In 2004 the United States was faced with a choice between repudiating the Iraq war and “staying the course” – between John Kerry and George W. Bush. At the time it was unclear what that choice entailed – certainly Kerry tried to defuse concerns that he would abandon Iraq.
“I fear that in the run-up to the 2004 election the administration is considering what is tantamount to a cut-and-run strategy,” Kerry said in remarks prepared for delivery to the Council on Foreign Relations.
The Massachusetts senator accused Bush and his aides of a “sudden embrace of accelerated Iraqification and American troop withdrawal without adequate stability,” which he called “an invitation to failure.”
But given his vague rhetoric, Kerry’s criticism of the war had to lead people to believe that he was more likely to withdraw. And so, in some part, the 2004 election became a referendum on whether or not we should remain in Iraq.
If we had thought that Bush would remain in Iraq, we were right. If we had thought that Kerry would soon want to withdraw, we were also right.
“The way forward in Iraq is not to pull out precipitously or merely promise to stay ‘as long as it takes,’ ” Kerry said during an address at Georgetown University. “We must instead simultaneously pursue both a political settlement and the withdrawal of American combat forces.”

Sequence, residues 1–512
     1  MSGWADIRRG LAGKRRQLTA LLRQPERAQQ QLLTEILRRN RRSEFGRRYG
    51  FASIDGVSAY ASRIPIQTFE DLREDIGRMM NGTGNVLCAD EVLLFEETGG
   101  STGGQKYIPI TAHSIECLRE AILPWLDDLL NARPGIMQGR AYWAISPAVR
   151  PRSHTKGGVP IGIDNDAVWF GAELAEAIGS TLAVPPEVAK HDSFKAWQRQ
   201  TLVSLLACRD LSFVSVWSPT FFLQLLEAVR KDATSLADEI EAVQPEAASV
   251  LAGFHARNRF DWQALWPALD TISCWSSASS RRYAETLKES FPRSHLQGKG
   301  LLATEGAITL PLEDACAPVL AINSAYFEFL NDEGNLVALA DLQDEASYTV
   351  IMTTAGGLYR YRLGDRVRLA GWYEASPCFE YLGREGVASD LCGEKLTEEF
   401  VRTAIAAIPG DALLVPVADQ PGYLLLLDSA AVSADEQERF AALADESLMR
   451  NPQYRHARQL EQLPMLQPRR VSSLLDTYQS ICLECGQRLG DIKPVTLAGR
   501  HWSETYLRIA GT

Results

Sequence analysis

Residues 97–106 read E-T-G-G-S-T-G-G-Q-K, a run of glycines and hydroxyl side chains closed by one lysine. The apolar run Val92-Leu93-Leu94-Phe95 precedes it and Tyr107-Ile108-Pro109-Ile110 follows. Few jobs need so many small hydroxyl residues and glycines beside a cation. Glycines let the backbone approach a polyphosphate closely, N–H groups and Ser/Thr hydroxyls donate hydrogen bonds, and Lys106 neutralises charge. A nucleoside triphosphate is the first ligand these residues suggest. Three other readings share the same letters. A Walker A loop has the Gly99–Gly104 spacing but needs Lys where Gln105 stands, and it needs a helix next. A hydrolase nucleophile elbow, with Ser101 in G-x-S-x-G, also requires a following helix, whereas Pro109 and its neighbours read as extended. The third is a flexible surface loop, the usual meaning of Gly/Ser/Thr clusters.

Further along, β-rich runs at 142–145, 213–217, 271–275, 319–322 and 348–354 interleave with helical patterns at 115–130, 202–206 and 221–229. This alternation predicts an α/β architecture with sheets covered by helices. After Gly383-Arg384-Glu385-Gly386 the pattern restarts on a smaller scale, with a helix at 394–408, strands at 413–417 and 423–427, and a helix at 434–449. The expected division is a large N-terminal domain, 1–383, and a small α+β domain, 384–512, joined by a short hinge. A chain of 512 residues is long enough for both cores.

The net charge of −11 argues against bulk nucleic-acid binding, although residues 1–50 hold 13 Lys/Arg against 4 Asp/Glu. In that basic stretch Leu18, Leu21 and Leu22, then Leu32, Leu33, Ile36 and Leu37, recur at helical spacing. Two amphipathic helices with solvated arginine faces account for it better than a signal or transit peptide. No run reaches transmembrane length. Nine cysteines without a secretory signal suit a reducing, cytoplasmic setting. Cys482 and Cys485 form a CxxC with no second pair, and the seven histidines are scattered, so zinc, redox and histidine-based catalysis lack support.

Under Kerry’s plan, the first wave of U.S soldiers would leave after Iraq’s planned Dec. 15 parliamentary elections, with the “bulk of American combat forces” withdrawn by the end of 2006.
And if President Bush thought that continued American efforts in Iraq could eventually bring stability, he may have been right too.
The jury is still out, of course. There are no last words in history, after all – just one final Last Word.
The Bush administration has made many mistakes in its prosecution of the war. It is not a libertarian administration, and it has not governed as one. There have been many failures in the last four years that even conservatives rightly regret.
But, lest we forget, Bush did not fail in his most important task. Democracy still stands in Iraq, where there was none before. And it stands in spite, not because, of the more “realistic” advice of the man who may soon be our next president.